LaPointe voters from 2014 are decidedly more likely to say they’ll cast ballots on a partisan basis (68%), while Robertson and Wong voters are more likely to select candidates individually (57% and 54%, respectively).

Almost half of Vancouverites (49%) say they will “definitely” (15%) or “probably” (35%) prefer to have several parties represented in City Council when this year’s election is over. More than a third of residents (35%) say they will “definitely” (12%) or “probably” (23%) prefer a single party having a majority in Council.

Once again, LaPointe voters from 2014 are more likely to wish for a single party to have a majority (62%), while Robertson and Wong voters are more eager to have several parties in Council (56% and 64%, respectively).

The most important issues facing the City of Vancouver are housing (42%) and cost of living (36%), followed by poverty (5%) and government accountability (4%).

Methodology:
Results are based on an online study conducted from April 28 to April 30, 2018, among 400 adults in the City of Vancouver. The data has been statistically weighted according to Canadian census figures for age, gender and region in the City of Vancouver. The margin of error—which measures sample variability—is +/- 4.9 percentage points, nineteen times out of twenty.
Find our full data set here and download the press release here. 

For more information on this poll, please contact:
Mario Canseco, President, Research Co.
[c] 778.929.0490
[e] mario.canseco@researchco.ca

 

Photo Credit: Kenny Louie.

Vancouverites See Carr, Swanson as Good Mayoral Options

The Green Party outranks the Non-Partisan Association (NPA) and Vision Vancouver in positive perceptions.

Vancouver, BC [April 12, 2018] – In the early stages of the Vancouver mayoral race, a current councilor and a former candidate for council are regarded as worthy choices by voters, a new poll by Research Co. has found.

In the online survey of a representative sample of City of Vancouver voters, one-in- four respondents (26%) think current Green Party of Vancouver councilor Adriane Carr would be a “good choice” if she became Mayor of Vancouver, while 16 per cent feel the same way about social activist Jean Swanson—who ran unsuccessfully as an independent in last year’s by-election to council.

“The impressive issue with Carr is how well she is connecting across party lines,” says Mario Canseco, President of Research Co. “About a third of voters who supported Vision Vancouver’s Gregor Robertson in 2014 say Carr would be a good choice for mayor, along with one-in-four of those who cast a ballot for Kirk LaPointe of the Non-Partisan Association (NPA).”

The poll, which allowed voters to rate 11 prospective candidates individually, outlines some major differences in name recognition. Almost half of respondents (47%) do not know who current NPA councilor Hector Bremner is, and larger proportions are unaware of other individuals seeking the NPA nod: current Park Board commissioner John Coupar (54%), urban geographer Colleen Hardwick (56%), financial analyst Glen Chernen (60%) and entrepreneur Chris Hasek-Watt (61%).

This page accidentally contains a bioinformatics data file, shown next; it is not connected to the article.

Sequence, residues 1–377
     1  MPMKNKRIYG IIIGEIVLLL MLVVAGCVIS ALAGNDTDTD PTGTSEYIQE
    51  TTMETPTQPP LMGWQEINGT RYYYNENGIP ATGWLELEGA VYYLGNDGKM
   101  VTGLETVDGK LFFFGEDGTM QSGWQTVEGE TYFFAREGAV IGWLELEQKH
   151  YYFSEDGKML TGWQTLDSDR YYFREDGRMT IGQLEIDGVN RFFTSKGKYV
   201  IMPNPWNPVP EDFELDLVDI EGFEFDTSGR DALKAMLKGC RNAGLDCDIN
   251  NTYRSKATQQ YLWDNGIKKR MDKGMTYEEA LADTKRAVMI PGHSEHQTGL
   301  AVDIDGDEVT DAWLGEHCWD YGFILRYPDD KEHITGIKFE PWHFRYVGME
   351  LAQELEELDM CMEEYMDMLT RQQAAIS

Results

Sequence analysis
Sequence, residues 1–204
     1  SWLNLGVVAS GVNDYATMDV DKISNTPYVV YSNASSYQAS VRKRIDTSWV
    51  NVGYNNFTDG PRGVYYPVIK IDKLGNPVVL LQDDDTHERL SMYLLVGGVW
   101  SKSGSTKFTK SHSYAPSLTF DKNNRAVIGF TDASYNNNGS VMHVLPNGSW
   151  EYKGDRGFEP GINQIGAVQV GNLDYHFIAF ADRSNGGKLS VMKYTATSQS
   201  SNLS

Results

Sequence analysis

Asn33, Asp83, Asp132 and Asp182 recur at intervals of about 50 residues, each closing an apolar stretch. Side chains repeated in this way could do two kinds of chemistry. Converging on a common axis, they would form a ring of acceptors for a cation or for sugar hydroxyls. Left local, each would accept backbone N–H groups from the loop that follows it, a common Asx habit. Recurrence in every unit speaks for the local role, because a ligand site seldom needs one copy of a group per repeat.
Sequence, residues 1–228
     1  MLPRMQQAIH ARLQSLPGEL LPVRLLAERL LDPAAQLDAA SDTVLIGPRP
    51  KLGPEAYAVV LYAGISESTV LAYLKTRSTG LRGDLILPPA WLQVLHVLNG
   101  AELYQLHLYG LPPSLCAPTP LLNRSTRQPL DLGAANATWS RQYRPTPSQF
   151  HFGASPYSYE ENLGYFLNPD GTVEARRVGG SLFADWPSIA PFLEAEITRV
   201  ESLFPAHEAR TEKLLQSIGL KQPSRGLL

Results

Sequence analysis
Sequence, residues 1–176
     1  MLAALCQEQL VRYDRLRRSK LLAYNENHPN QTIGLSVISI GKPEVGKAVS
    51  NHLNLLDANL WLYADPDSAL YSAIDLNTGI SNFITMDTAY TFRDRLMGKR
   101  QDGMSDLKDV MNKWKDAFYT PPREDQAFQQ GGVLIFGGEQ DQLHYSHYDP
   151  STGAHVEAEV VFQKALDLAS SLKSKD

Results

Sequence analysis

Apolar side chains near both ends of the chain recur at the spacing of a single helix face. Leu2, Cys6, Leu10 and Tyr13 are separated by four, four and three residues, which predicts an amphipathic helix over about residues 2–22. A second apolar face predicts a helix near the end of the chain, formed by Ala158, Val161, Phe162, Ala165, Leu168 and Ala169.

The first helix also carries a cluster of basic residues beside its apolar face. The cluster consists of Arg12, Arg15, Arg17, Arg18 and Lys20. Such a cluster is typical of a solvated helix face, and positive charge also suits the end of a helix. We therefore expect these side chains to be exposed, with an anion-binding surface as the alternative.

Across the city, six per cent of Vancouverites think Bremner is a good choice for Mayor—including 27 per cent of those who voted for LaPointe in the last mayoral election—while 12 per cent believe he would be a bad choice.

Former Conservative Party Member of Parliament Wai Young, who has launched a mayoral bid under the Coalition Vancouver banner, is regarded as a good choice by three per cent of Vancouverites, and as a bad choice by 13 per cent.

Simon Fraser University (SFU) professor Shauna Sylvester, who announced her mayoral campaign as an independent candidate last week, is seen as a good choice by eight per cent of Vancouverites—including 13% of those who voted for Robertson in the 2014 Mayoral contest.

Other prospective candidates who did not reach double digits as being “good choices” for mayor include urban planner Patrick Condon and Brette Mullins of Your Political Party.

“The absence of an incumbent and the changes to campaign financing have made this year’s Vancouver mayoral election particularly compelling,” continues Canseco. “The first battle for most of these prospective contenders will be for name recognition.”

When it comes to the political parties that currently operate in the city, almost half of Vancouverites (48%) say they have a positive opinion of the Green Party of Vancouver, while only 22% hold negative views.

Vision Vancouver, which currently holds a majority in council, is regarded negatively by 43% of Vancouverites and positively by 26%. One third of Vancouverites (32%) have negative views on the NPA, while 23% have positive ones.

Residents appear to be split on the Coalition of Progressive Electors (COPE) (27% positive, 27% negative), while smaller proportions of Vancouverites have a positive opinion of One City (14%) and Your Political Party (11%).

Methodology:
Results are based on an online study conducted from April 9 to April 10, 2018, among 400 adults in the City of Vancouver. The data has been statistically weighted according to Canadian census figures for age, gender and region in the City of Vancouver. The margin of error—which measures sample variability—is +/- 4.9 percentage points, nineteen times out of twenty. Find our full data set here.

For more information on this poll, please contact:
Mario Canseco, President, Research Co.
[c] 778.929.0490
[e] mario.canseco@researchco.ca